Fact Check: Do Booster Shots Increase a Person’s Likelihood of Getting COVID?
An article from The Defender claims that getting more COVID boosters increases a person’s likelihood of getting COVID. The article is written by Dr. Joseph Mercola, a frequent purveyor of vaccine misinformation.
According to the article: “Scientists warn that repeated COVID-19 boosters may result in lowered immunity through a process known as ‘original antigenic sin,’ or ‘immune imprinting’ — making you more susceptible to symptomatic infections.”
As we have previously reported, The Defender is a news website of the Children’s Health Defense, a non-profit organization that aims to “end childhood health epidemics by working aggressively to eliminate harmful exposures, hold those responsible accountable, and to establish safeguards to prevent future harm.”
The founder of the organization is Robert Kennedy Jr., a known anti-vaccine activist, who in February 2021 was banned from Instagram for sharing COVID-19 misinformation. In August 2022, Facebook and Instagram removed the accounts of the Children’s Health Defense as well.
Stanley Perlman, professor of microbiology and immunology at the University of Iowa, explained the concept of “original antigenic sin” or “immune imprinting.” When we’re vaccinated, our bodies produce a strong response to the new pathogen. When we’re exposed to a similar pathogen, we may respond less vigorously to parts of the new pathogen that are novel. “In other words, the first exposure ‘imprints’ the immune response, which influences the subsequent responses to subsequent challenges with variants,” Perlman said.
Mercola uses this idea of “original antigenic sin,” which is indeed a real concept, to promote the unproven claim that getting COVID-19 boosters makes you more susceptible to COVID-19.
William Schaffner, infectious diseases specialist and Vanderbilt University School of Medicine professor, told The Dispatch Fact Check that original antigenic sin has been “on the minds of the Food and Drug Administration and vaccine investigators from day one.”
He noted, however, that this has not been a problem and that on the contrary, “these boosters appear actually to provide enhanced antibodies and indeed, the boosters provide a broader antibody picture, which protects better against variants.”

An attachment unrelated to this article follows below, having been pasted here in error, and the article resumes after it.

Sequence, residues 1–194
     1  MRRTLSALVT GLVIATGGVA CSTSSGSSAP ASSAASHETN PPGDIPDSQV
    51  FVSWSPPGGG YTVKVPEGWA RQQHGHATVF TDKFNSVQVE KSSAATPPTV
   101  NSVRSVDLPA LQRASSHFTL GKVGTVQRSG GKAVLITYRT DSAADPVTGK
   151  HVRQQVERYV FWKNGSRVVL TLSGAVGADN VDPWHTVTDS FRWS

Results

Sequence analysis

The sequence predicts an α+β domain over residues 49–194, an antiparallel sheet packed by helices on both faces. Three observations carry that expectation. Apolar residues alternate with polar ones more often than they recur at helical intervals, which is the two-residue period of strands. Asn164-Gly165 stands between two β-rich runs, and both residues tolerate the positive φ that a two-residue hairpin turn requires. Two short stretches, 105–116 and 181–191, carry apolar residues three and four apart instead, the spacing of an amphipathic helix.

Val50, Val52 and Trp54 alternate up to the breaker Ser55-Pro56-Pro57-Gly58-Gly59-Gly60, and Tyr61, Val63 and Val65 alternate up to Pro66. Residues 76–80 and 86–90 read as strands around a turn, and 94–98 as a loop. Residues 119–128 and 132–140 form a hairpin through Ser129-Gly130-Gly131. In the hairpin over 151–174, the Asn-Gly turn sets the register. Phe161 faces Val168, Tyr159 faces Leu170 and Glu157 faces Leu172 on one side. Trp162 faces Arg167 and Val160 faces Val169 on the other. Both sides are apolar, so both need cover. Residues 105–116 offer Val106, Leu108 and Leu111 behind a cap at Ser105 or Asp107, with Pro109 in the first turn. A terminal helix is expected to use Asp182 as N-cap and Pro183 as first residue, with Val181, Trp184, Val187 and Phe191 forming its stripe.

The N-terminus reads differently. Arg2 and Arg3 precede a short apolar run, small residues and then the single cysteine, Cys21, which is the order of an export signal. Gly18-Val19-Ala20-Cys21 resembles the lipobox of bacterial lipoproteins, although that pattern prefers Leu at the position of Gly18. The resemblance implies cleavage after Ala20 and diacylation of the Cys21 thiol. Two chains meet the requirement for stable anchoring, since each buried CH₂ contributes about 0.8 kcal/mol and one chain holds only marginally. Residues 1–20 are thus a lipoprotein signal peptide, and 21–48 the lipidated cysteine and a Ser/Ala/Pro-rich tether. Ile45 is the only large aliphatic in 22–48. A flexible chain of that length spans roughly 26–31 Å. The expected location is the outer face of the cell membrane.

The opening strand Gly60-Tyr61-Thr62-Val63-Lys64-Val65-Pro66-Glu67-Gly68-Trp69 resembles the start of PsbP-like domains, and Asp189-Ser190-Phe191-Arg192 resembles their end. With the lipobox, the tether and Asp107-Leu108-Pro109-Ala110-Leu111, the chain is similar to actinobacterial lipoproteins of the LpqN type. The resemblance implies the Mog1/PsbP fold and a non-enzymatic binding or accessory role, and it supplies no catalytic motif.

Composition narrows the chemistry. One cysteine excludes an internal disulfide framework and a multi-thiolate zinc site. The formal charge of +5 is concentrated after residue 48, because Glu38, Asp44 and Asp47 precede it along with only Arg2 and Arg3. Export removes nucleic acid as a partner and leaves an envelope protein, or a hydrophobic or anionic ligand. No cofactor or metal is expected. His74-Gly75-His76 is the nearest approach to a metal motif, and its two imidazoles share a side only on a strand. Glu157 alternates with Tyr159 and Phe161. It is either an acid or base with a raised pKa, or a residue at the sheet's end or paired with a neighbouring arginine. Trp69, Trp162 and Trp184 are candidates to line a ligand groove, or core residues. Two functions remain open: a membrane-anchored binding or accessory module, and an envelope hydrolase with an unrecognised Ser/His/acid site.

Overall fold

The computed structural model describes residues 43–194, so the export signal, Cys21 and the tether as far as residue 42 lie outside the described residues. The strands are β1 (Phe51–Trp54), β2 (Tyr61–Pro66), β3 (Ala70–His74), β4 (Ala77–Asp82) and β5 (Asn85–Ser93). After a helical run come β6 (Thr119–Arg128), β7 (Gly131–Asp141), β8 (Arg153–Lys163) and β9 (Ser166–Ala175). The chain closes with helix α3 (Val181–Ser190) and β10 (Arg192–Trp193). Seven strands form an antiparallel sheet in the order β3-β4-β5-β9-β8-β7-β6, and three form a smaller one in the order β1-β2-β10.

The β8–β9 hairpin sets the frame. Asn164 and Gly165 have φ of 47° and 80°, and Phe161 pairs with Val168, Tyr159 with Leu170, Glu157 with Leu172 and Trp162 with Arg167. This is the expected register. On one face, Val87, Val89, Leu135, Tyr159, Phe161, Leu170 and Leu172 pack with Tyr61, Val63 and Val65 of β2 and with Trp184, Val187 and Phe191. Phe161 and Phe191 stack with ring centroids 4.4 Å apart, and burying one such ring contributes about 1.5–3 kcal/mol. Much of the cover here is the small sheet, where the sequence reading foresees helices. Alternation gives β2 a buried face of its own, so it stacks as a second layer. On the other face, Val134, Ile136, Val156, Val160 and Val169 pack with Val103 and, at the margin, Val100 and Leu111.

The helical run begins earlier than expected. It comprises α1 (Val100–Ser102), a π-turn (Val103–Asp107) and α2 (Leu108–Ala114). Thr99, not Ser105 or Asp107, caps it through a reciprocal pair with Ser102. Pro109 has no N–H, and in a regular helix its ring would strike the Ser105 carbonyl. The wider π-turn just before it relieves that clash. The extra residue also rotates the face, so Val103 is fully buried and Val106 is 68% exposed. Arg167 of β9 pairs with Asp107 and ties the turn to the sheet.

Similarly, Robert Garry, a Tulane University virologist, said in an email to The Dispatch Fact Check that there is “no evidence whatsoever that OAS [original antigenic sin] is reducing the effectiveness of the mRNA vaccines or booster.”
“OAS or imprinting is real and it may explain, for example, why younger people had higher mortality to the 1918 flu. However, imprinting may make the immune response more effective or less effective based on the pathogen, timing etc.,” Garry said. “In the case of SC2 [COVID-19], natural infection does seem to result in significant imprinting and perhaps—emphasis here on perhaps—a bit more susceptibility to future infections. In contrast the vaccines hold up well and … multiple vaccinations with the mRNA vaccine increase and broaden your immune response.”
Mercola also makes a claim about “vaccine shedding,” saying: “The COVID-19 jab and the flu vaccine are the No. 1 and No. 2 most dangerous injections respectively, based on adverse event reports and payouts from the U.S. Vaccine Injury Compensation Program. Both are also capable of shedding, and both can make you more prone to infection as their protection wears off.”
The COVID-19 vaccine is incapable of shedding, as we have reported before. Vaccine shedding does not occur with messenger RNA (mRNA) vaccines because there is no virus in the vaccine.
Mercola also claims that in addition to “the antigenic sin possibility” the COVID-19 vaccine is associated with “serious side effects.” According to Mercola: “As of September 2, just 21 months into the COVID-19 jab’s existence, 1,400,350 post-jab injuries have been reported to the Vaccine Adverse Event Reporting System (VAERS).”
This is misleading reporting because VAERS data is unreliable. The system is managed by the CDC and the FDA but, as we have reported, it contains unverified and unvetted information that is submitted by the public.
According to the VAERS website: “VAERS reports may contain information that is incomplete, inaccurate, coincidental, or unverifiable. Reports to VAERS can also be biased. As a result, there are limitations on how the data can be used scientifically. Data from VAERS reports should always be interpreted with these limitations in mind.”
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